Perfect for fans of Eleanor Oliphant and The Keeper of Lost Things, this exquisitely told, uplifting novel shows us that however hopeless things might feel, beauty can be found in the most unexpected of places
When Amy Ashton’s world fell apart eleven years ago, she started a collection.
Eleanor Ray has an MA in English Literature from Edinburgh University and works in marketing. She lives in London with her husband and two young children.
Eleanor was inspired to write EVERYTHING IS BEAUTIFUL by the objects her toddler collects and treasures – twigs, empty water bottles and wilting daisies. She is currently working on her next novel.
Just a few keepsakes of happier times: some honeysuckle to remind herself of the boy she loved, a chipped china bird, an old terracotta pot . . . Things that others might throw away, but to Amy, represent a life that could have been.
I liked the way the author explained the reasons for Amy having numerous cheap cigarette lighters and ashtrays when she’d never smoked, a love for honeysuckle and terracotta pots, and a feeling that every pretty wine bottle should be rescued. It’s a beautiful and clever story about a woman who is out of kilter with the rest of the world. I thought it was absolutely gorgeous, moving and emotional, and a very special debut indeed.
It’s my stop today on the blog tour for Everything is Beautiful by Eleanor Ray. I loved this book so much. My thanks to Jo Wickham from Piatkus for the place on the tour and the review copy of the book. The ebook and audiobooks are available from 4th February and the hardback from 25th March.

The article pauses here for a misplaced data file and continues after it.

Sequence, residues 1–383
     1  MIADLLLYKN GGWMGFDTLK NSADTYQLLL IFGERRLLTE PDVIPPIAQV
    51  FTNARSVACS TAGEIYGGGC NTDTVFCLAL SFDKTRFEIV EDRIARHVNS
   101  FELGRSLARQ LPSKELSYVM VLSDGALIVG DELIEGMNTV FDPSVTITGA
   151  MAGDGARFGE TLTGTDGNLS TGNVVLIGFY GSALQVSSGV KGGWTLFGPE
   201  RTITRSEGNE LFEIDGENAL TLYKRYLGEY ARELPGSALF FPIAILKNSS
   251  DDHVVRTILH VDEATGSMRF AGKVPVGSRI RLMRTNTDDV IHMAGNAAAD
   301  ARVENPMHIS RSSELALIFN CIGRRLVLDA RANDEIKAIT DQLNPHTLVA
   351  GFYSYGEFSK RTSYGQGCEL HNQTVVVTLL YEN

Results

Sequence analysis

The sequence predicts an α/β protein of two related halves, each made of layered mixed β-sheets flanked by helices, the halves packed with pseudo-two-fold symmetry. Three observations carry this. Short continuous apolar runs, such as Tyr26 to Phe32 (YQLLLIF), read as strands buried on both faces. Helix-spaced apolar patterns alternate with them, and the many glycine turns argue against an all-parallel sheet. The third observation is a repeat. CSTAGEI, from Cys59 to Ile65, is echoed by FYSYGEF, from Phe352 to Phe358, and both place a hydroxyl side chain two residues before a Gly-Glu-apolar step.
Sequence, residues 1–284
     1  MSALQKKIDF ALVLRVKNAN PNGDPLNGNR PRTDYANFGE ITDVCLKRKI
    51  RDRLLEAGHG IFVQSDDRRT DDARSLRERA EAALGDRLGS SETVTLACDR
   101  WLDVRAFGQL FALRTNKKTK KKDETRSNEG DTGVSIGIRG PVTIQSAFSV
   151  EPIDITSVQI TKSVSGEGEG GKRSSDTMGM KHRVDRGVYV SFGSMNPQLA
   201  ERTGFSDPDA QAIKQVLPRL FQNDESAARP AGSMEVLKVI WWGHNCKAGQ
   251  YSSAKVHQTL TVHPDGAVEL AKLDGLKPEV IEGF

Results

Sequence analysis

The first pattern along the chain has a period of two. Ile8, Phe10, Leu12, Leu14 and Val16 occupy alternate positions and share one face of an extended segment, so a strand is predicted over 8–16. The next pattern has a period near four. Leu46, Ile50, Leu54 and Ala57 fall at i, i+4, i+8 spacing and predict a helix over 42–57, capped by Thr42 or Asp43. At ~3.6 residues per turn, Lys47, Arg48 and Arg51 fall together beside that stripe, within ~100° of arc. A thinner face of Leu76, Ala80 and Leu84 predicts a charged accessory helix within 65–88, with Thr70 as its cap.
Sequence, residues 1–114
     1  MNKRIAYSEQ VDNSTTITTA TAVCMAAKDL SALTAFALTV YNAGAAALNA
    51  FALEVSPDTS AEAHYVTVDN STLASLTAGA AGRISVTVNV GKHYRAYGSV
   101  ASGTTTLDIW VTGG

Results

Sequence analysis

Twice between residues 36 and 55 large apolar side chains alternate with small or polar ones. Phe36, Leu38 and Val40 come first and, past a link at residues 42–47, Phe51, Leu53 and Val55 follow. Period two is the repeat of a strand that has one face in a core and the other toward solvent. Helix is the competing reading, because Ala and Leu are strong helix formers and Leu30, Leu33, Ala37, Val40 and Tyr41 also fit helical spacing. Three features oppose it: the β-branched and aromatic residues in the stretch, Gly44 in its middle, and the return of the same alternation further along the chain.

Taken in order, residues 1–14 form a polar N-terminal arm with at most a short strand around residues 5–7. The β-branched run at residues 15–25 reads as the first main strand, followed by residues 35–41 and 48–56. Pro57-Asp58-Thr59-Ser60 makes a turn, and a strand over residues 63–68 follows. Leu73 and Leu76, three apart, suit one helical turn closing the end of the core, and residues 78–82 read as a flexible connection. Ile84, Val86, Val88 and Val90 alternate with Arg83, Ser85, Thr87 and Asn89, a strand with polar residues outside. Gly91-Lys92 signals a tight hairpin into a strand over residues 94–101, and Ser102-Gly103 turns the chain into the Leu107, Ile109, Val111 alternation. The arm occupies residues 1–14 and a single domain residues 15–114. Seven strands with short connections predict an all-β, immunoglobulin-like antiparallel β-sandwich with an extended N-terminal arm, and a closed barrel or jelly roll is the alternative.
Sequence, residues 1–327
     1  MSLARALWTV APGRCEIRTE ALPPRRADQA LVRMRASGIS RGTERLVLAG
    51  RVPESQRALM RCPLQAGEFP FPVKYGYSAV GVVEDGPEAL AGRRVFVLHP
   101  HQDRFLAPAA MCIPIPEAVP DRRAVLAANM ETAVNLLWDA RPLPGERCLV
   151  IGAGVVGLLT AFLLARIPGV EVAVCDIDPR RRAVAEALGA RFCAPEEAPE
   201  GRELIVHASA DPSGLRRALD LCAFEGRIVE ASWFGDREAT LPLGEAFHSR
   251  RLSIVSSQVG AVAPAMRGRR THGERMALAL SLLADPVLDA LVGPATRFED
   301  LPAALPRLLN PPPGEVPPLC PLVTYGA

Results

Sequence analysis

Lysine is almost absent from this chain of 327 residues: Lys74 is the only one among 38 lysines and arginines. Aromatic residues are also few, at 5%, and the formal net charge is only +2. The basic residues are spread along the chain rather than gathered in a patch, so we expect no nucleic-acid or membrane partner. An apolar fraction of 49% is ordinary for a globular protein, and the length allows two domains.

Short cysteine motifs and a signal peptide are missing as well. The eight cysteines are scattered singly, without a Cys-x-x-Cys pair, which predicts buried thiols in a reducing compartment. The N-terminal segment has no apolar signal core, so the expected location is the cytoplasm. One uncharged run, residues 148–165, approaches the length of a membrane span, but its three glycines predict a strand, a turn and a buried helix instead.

Now her house is overflowing with the objects she loves – soon there’ll be no room for Amy at all. But when a family move in next door, a chance discovery unearths a mystery, and Amy’s carefully curated life begins to unravel. If she can find the courage to face her past, might the future she thought she’d lost still be hers for the taking?
I’m being deliberately vague as I don’t want to give away what isn’t in the synopsis. I was totally intrigued anyway by the idea of Amy keeping items that reminded her of happier times, but the full story is so much more than that. It’s a heartbreakingly sad and complex story of love and friendship which I found totally unexpected. It brought a lump to my throat and a tear to my eye but it also made me smile in places. There’s a delightfully quirky edge to Amy and her story, but it’s also completely relatable in so many ways.
Amy is not always an easy protagonist to like. She’s prickly and unfriendly, but what Eleanor Ray very deftly shows us is that there is a reason for this behaviour and Amy wasn’t always like this. Now she’s a hoarder of all manner of things, most of them useless but even if not, who needs that amount of mugs or vases? A new family in the house next door starts to make her rethink the path her life has been on for the past eleven years since something awful and bewildering happened to change it forever.